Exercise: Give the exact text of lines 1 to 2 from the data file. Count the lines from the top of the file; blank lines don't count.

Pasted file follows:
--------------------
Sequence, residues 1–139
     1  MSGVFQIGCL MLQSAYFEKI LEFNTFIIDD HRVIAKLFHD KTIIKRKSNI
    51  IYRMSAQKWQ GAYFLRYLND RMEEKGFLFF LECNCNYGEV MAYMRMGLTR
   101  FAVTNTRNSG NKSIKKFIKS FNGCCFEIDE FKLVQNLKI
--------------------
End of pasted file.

Sequence, residues 1–139
     1  MSGVFQIGCL MLQSAYFEKI LEFNTFIIDD HRVIAKLFHD KTIIKRKSNI